In most cases, the mother stays home for the full 12 months, while the father might take anywhere from a few days to a few weeks off work when the baby is born. Then it’s back to work for dad.
Now that we’re all on the same page, back to my story.
December 1st 2015, 3 months before the arrival of our son, I was laid off from work. It was obvious that a lot of people were going to be let go so I tried to stay positive. I focused on the opportunity to be home with my newborn child and wife; an opportunity that very few fathers get.
My initial plan was to stay home for 6 months. From what I read in all the, “What to Expect” type books, the first 6 months can be hard for new families. So why not be home to shoulder my fair share of the hard days and the good days?
However, like some sort of a drunken blur, those first 6 months went by in a flash. The economic downturn in our city continued with more layoffs in the headlines every week. I remained optimistic, however, that jobs would eventually come around. Plus, everything was working out at home so there was no need to change anything just yet.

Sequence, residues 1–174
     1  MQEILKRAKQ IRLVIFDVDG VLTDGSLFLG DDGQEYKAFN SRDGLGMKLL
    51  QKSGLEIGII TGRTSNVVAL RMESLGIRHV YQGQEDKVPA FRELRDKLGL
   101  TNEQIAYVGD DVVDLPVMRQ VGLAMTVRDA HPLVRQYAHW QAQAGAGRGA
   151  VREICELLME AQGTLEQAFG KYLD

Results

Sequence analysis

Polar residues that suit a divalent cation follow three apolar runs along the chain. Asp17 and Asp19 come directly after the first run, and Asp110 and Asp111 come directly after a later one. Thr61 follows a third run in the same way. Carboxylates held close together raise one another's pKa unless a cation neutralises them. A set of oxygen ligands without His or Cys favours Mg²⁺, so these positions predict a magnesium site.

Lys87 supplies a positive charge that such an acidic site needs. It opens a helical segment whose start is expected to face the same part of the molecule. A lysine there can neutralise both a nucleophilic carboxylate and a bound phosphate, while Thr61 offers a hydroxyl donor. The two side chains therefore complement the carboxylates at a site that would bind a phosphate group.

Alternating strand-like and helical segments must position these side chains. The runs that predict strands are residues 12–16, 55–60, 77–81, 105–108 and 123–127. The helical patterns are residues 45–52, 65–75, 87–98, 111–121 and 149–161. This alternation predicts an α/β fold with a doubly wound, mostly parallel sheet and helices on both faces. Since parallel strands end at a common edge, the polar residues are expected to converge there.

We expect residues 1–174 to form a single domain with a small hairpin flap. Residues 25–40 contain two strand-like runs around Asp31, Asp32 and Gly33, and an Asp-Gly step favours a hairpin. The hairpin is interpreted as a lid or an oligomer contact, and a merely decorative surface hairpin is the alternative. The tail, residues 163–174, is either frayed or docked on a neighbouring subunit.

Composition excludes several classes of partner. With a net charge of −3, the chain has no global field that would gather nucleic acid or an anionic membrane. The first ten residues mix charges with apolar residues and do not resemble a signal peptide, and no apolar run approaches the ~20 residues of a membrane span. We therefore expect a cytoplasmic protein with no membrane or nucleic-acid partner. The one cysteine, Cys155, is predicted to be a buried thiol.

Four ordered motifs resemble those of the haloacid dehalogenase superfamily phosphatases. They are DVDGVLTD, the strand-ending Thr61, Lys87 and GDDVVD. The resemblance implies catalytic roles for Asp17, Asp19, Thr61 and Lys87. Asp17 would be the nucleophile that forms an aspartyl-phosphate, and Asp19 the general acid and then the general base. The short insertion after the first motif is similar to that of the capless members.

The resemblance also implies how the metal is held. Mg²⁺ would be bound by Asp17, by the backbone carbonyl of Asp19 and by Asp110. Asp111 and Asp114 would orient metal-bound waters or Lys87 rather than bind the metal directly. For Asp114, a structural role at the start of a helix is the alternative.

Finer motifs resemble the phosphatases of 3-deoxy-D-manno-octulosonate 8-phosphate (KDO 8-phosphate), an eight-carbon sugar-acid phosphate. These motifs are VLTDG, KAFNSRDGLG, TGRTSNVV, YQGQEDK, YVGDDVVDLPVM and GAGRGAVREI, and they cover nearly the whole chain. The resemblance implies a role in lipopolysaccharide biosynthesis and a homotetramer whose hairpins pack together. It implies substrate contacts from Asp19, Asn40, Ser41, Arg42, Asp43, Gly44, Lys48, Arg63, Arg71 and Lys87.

This went on for another few months until all of our friends who had given birth to babies at the same time we did started talking about going back to work and which daycare they were going to use.
It was then that I started to consider the idea that perhaps I could be a stay at home parent.
Don’t Read Forums
Initially, my wife and I glanced at a few daycares without a lot of commitment. I do what I always do when investigating a new topic… I take to the Internet.
The Internet is such a vast ocean of information ranging in credibility from peer-reviewed literature to opinion pieces. This makes it basically useless. It’s kind of like saying you are looking for a snack. You scan through the fridge past the oranges and apples until you lock eyes with the piece of cake you intended to eat the whole time.
Okay, you’re probably saying, “What the heck are you talking about?”